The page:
Articles | Volume 15, issue 5
The Cryosphere, 15, 2429–2450, 2021
The Cryosphere, 15, 2429–2450, 2021

Research article 04 Jun 2021

Research article | 04 Jun 2021

Faster decline and higher variability in the sea ice thickness of the marginal Arctic seas when accounting for dynamic snow cover

Robbie D. C. Mallett et al.

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Cited articles

Aaboe, S.: Copernicus Climate Data Records Sea Ice Edge and Sea Ice Type Product User Guide and Specification, Tech. rep.,, 2020. a
Armitage, T. W. and Ridout, A. L.: Arctic sea ice freeboard from AltiKa and comparison with CryoSat-2 and Operation IceBridge, Geophys. Res. Lett., 42, 6724–6731,, 2015. a
Barrett, A. P., Stroeve, J. C., and Serreze, M. C.: Arctic Ocean Precipitation From Atmospheric Reanalyses and Comparisons With North Pole Drifting Station Records, J. Geophys. Res.-Oceans, 125, 1–17,, 2020. a, b, c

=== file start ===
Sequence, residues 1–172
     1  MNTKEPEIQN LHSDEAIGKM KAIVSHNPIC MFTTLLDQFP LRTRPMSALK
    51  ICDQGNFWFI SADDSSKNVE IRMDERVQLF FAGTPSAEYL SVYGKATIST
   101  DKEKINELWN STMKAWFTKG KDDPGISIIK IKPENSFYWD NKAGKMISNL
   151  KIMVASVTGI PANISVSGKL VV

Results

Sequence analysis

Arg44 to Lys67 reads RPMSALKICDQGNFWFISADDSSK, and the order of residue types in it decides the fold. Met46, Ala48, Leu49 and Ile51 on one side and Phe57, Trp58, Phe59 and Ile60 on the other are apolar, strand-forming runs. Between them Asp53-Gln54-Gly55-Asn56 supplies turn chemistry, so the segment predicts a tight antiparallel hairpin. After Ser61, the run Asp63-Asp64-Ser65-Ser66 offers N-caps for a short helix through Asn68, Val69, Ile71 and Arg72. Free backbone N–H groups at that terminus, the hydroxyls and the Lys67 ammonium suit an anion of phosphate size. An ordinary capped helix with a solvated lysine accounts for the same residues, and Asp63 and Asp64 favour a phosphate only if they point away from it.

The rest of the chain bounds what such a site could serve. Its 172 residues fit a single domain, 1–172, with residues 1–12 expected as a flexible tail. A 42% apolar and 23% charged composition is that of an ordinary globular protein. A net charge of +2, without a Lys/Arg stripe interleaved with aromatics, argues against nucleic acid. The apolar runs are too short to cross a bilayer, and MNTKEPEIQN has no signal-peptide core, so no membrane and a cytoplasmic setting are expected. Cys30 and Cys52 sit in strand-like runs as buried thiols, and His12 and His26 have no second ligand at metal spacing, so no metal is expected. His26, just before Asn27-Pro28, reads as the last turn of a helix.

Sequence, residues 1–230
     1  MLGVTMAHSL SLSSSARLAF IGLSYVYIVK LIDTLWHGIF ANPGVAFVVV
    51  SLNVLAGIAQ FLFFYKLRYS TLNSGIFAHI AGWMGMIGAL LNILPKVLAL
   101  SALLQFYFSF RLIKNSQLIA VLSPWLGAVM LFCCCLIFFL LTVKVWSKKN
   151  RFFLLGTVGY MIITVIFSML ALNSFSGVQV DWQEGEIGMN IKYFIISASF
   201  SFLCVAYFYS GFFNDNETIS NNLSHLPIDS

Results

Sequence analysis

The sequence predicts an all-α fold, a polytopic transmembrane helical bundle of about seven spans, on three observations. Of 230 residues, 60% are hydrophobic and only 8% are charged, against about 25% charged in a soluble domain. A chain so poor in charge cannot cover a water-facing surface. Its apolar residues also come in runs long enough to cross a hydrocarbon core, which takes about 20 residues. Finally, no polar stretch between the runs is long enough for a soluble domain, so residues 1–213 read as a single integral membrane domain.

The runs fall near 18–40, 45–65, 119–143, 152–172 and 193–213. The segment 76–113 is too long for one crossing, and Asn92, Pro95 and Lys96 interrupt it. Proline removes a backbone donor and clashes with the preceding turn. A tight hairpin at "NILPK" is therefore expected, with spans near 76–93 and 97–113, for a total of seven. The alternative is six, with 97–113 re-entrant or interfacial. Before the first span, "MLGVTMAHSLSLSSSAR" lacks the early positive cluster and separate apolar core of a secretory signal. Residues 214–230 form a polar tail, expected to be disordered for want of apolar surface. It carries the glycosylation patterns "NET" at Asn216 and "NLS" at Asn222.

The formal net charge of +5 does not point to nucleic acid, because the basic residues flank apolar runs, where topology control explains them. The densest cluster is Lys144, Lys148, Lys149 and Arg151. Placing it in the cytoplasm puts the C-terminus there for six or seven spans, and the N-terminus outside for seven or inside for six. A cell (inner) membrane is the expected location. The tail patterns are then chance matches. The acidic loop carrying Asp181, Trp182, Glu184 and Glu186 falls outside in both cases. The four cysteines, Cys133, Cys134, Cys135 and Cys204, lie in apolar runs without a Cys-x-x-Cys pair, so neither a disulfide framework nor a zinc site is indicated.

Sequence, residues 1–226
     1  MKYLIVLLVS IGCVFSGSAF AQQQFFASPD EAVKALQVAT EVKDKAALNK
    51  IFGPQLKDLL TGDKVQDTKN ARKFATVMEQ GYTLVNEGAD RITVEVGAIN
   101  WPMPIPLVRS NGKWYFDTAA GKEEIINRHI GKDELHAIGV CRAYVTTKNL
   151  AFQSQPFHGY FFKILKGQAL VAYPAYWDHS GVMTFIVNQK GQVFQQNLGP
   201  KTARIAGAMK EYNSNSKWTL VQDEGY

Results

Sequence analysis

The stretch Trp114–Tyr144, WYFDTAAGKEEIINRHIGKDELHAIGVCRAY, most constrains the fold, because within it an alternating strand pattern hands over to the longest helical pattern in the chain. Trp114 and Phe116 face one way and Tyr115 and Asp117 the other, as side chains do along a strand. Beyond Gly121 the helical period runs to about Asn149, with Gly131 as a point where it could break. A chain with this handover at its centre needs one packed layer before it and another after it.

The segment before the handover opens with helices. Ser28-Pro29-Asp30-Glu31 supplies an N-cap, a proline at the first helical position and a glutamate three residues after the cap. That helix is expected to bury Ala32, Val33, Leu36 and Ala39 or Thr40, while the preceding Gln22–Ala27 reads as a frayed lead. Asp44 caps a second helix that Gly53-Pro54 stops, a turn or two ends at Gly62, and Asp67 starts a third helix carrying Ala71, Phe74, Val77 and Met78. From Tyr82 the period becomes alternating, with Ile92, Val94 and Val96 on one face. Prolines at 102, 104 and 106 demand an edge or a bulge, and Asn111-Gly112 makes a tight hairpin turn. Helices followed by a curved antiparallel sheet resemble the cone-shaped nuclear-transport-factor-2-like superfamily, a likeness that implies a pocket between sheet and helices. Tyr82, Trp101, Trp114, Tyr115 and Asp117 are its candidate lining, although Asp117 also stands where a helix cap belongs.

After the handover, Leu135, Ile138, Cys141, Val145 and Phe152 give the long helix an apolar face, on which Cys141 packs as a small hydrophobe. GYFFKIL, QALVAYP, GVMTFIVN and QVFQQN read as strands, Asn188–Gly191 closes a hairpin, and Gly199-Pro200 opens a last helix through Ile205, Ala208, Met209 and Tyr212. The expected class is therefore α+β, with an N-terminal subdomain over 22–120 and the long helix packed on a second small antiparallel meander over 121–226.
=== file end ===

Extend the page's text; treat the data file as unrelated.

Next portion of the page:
Beaven, S. G., Lockhart, G. L., Gogineni, S. P., Hosseinmostafa, A. R., Jezek, K., Gow, A. J., Perovich, D. K., Fung, A. K., and Tjuatja, S.: Laboratory measurements of radar backscatter from bare and snow-covered saline ice sheets, Int. J. Remote Sens., 16, 851–876,, 1995. a
Belter, H. J., Krumpen, T., Hendricks, S., Hoelemann, J., Janout, M. A., Ricker, R., and Haas, C.: Satellite-based sea ice thickness changes in the Laptev Sea from 2002 to 2017: comparison to mooring observations, The Cryosphere, 14, 2189–2203,, 2020. a
Short summary
We re-estimate pan-Arctic sea ice thickness (SIT) values by combining data from the Envisat and CryoSat-2 missions with data from a new, reanalysis-driven snow model. Because a decreasing amount of ice is being hidden below the waterline by the weight of overlying snow, we argue that SIT may be declining faster than previously calculated in some regions. Because the snow product varies from year to year, our new SIT calculations also display much more year-to-year variability.